Retro research for your find

One of the fun parts of discovering a unique item is doing research to uncover the history or background to your special find.

Unlike 20 years ago, the days of traveling around to uncover information are largely over. 90% of the information you can find on the internet, but don’t forget the value of libraries and other resources like the National Archives of Australia (NAA).

Before you hurry off to research your special item, one of the best sources of information is the person you purchase it from. Often with collectible and Market sales, you will not get a second chance ask questions. So gather as much information as you can when purchasing. Ask the seller:

  • Is this original or reproduction?
  •  How old is item?
  • If original, ask the seller to describe how they know.
  • Can you tell me more about this piece?
  • How did you acquire the item?
  • Do you have any additional documents or pieces that came with this item?
  • Do you get many of these items or see many for sale?

Asking these question may give you enough to be armed for a great discussion when you display your item. Visitors to your home, shop or office will usually comment on items that peak their interest. Knowing the basic facts will keep a conversation going for a while.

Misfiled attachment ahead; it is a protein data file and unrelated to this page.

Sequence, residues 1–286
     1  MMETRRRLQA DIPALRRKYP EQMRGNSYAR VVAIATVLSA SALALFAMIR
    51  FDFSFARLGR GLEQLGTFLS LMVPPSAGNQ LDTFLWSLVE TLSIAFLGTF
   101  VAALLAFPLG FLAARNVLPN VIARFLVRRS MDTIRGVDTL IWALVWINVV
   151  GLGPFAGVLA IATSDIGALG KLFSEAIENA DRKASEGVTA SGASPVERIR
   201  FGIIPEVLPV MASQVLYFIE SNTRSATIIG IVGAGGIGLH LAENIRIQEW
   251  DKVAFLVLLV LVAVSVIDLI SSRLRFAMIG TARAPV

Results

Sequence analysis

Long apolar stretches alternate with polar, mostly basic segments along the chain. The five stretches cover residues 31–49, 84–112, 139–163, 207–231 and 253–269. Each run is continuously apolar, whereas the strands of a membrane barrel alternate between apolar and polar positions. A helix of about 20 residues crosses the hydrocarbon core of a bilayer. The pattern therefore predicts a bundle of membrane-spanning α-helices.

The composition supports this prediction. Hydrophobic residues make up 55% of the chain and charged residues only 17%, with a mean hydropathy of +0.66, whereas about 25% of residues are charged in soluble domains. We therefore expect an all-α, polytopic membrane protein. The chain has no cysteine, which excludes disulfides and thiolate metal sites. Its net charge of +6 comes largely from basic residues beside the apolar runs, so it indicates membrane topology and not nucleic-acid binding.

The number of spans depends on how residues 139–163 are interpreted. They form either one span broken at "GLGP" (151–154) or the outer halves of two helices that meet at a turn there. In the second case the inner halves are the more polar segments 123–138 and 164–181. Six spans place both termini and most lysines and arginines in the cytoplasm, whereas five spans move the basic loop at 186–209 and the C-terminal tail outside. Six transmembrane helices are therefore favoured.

Now, if your retro, collectible, vintage or antique purchase really has you curious, go to the internet. You may find similar items on eBay, in museum photos or mentioned in blogs.

In some cases, you may need to telephone a specalist museum or university to understand more about what you have discovered.

Discovering a treasure and knowing a little of its story is all part of the adventure.

The above photo has many of the elements of an great retro image. The original is held in the NAA in Canberra. The Archive’s website is a good place to research Australian historical items and also find incredible retro images for inspiration or purchase.

The “car being loaded into a cargo plane” is a classic but rarely seen 1945 image that would look good in any retro cafe or aviators home office. The items number is A1200, L1834 and copies can be purchased from the NAA website.

At Camberwell you may find ‘original’ black and white images right back to the earliest days of photography. You can tell an original by the studio stamp and general look and feel of the photographic paper, its frame or protection.

Reproduction or original, if what you get is what you want, go for it! And enjoy the journey as you research your treasures!